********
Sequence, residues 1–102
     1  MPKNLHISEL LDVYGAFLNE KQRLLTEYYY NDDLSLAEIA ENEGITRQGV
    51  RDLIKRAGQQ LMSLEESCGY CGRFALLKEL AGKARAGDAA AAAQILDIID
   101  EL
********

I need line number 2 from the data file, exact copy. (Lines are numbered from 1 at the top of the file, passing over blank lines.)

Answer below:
     1  MPKNLHISEL LDVYGAFLNE KQRLLTEYYY NDDLSLAEIA ENEGITRQGV